Hot cereal brings comforting start to the day

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WHETHER you call it porridge, gruel, mush, or hot cereal, there is a world of wonderful grains for hot breakfast on a cold New England morning.

Some gag at the thought of hot cereal. Others drool thinking about brown sugar, a pat of butter, and milk melting into a creamy bowl of steaming oats. Carol Halewood of Lexington shudders as she recalls how her mother held Carol’s nose and force-fed her oatmeal when the weather dipped below 40 degrees. She won’t go near the stuff today.

Carol Bohmer of Cleveland, on the other hand, smiles thinking of her Sunday semolina supper. Growing up in New Zealand, she remembers, ”after a big midday meal, we were given hot cereal for dinner. The best part was the square of chocolate my mum put into our bowls. We watched it melt and made spirals with our spoons.”

A wide variety of hot cereals is on grocery shelves. Quaker Oats are smooth and creamy, while McCann’s Irish Oats are crunchy. Wheatena is toasty and textured, while Farina is bland but satisfying. Cream of Rice looks like wallpaper paste, but adding milk, a smidge of butter, and brown sugar is great for a hurting tummy. Wolff’s Buckwheat Kasha is often eaten as a side dish and makes an earthy porridge. Remember Marky Maypo who bellowed, ”I want my Maypo!”? This instant, maple-flavored, presweetened combination of oats and rye is deliciously nostalgic.

Grocers put the ”pure” stuff on the top shelf and place the flavor-enhanced (artificial), presweetened, individually packeted items at eye level. These are adorned with pictures of vanilla beans, cinnamon buns, and apples. One oatmeal brand even contains ”dinosaur eggs.” A candy egg melts and a candy dinosaur emerges.

With all the hype, you can’t be sure just what you are buying. Ingredient lists consist of multiple, multi-syllabic words and sugar in its varied forms (dextrose, sucrose, guar gum). Compare this to the one or two ingredients listed on the packages you can barely reach.

Most of us eat hot cereal with something on top. Adding your own salt, butter, milk, brown sugar, maple syrup, granola, or raisins gives you some control, and you can at least pronounce what you are eating. One teaspoon of brown sugar is 15 calories, raisins add iron, cinnamon a little flavor, and maple syrup about 50 calories per tablespoon. Nutritionists turn to hot cereals when looking for good sources of fiber and iron, especially for women. The cereals are naturally low in cholesterol and fat.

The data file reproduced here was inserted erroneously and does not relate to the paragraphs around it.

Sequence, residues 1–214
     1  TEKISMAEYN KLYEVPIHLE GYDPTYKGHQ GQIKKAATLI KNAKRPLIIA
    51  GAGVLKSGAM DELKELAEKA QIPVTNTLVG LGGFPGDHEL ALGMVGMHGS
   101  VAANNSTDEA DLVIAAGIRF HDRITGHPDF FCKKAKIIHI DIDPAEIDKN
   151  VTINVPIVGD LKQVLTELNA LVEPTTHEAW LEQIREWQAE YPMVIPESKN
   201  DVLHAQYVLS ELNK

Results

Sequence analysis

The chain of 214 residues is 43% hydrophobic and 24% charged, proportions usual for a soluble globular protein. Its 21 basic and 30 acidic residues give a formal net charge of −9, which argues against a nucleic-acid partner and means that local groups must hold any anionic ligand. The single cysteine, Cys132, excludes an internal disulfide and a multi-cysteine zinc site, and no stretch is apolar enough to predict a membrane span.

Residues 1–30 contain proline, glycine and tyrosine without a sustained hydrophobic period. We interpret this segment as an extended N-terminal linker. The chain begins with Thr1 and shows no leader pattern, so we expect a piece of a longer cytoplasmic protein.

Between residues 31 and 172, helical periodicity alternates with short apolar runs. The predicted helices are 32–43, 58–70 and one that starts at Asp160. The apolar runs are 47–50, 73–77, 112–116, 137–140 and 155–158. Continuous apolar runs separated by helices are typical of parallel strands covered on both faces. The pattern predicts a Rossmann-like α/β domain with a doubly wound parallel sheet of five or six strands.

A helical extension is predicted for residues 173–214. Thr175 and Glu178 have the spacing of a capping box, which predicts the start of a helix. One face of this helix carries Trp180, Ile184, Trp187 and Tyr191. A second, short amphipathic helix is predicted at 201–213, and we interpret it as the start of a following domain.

Cooking time is determined by how much the manufacturer has processed the cereal. The larger the oat flake, the longer the cooking time. ”Instant” means fairly small and very processed and requires 30 to 90 seconds; ”quick cooking” needs about 3 minutes; and ”old-fashioned” will take anywhere from 5 to 8 minutes. Grits and Irish oats are in the ”eternity” category at 20-30 minutes.

John McCann’s Irish Oats (available at Trader Joe’s and Bread and Circus) are prized by oatmeal aficionados. Their crunch, grainy texture, and nutty flavor attract devotees. The whole-grain groat (inner part of the oat kernel) is not rolled flat, but cut into two or three pieces, leaving little nuggets, which is the reason for the 30-minute cooking time.

McCann’s Web site offers shortcuts, though. Soaking oats overnight, chopping the oats in a food processor, toasting them in the oven, and microwaving all save time. Basically, you are doing the processing. The microwave takes about 12 minutes for two bowls, and can leave a big mess if the oatmeal overflows – but the crunch remains.

One suggestion is to put the oats in a crock pot overnight on the low setting (one cup of oats to four cups water) and add raisins and cinnamon. You wake up to a wonderful aroma and a pot of delicious hot oatmeal. The problem is that the crunch disappears. If you like creamy oatmeal, this is a great idea. Make enough for several days and store in individual containers in the fridge. Just add a little milk and reheat for 2-3 minutes in the microwave. However, to enjoy this cereal as it is intended, there is no substitute for standing at the stove, stirring occasionally, and eating right away.

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